Well ahead of any formal indexing or cataloging, the new FamilySearch Explore Historical Images tool can help you find records about your ancestors more easily, even when their information is not text-searchable and seems to be locked inside a digital image. Learn more here.

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Update: February 6, 2020—Topic Tags Added to Memories

FamilySearch Memories released a new feature, “Topic Tags,” that makes it easier than ever before to categorize and find memories.

On the website, the topic tags option is found to the right of images and documents that you are viewing in Memories. Just click the link Add Topic Tags to add tags such as “Recipes,” “World War II,” “Wedding,” and other descriptive terms. Once you start typing, a drop-down menu will give you ideas.

topic tags screenshot

Later, when you want to find memories with a specific topic, you can click the Find tab, select the Search Topic Tags option, and search all of FamilySearch Memories for photos tagged with the topic you are looking for. You can limit your searches to close relatives only by clicking the option Search Only My Close Relatives, found on the search results page.

Find Memories screenshot

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Update: February 5, 2020—Header Redesign on FamilySearch.org

The FamilySearch website has a new, streamlined header that is more readable and takes up less space. The Help menu is now more visible and easier for users to find.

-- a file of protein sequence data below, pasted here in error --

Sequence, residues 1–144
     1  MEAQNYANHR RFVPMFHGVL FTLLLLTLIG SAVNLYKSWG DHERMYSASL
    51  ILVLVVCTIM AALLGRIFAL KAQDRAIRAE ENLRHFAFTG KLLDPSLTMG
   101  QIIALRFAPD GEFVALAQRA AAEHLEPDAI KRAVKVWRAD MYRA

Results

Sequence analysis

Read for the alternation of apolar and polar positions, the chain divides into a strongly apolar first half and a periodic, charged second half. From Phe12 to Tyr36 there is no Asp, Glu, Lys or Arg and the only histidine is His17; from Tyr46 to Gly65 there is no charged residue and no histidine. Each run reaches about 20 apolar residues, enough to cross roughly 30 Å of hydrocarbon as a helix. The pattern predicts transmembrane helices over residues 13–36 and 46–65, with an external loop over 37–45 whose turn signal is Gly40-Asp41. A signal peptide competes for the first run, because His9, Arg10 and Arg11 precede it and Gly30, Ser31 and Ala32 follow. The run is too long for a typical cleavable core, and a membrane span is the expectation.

Also—exciting news!—the new Activities page, created early in 2019, has a prominent position in the main header. To discover more about yourself and your family, simply click Activities at the top of the page on FamilySearch.org

Screenshot of FamilySearch.org new header.

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Update: January 15, 2020—Free 2020 Calendar

FamilySearch has made it possible to print out a free 2020 Calendar that gives you dates that would have been important to your ancestors. This calendar includes birth dates, death dates, and wedding anniversaries. Additionally, it is now possible to get calendar reminders in your FamilySearch notifications. These reminders will notify you on the date of your ancestor’s event, and tell you how many years it has been since that day. Click here to view your own personalized calendar and download a free copy.

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Comments

  1. I am wondering why several of my immediate family have been deleted. Lawrence Leonard Shikert for instance and others. Their work in the temple has been done for years.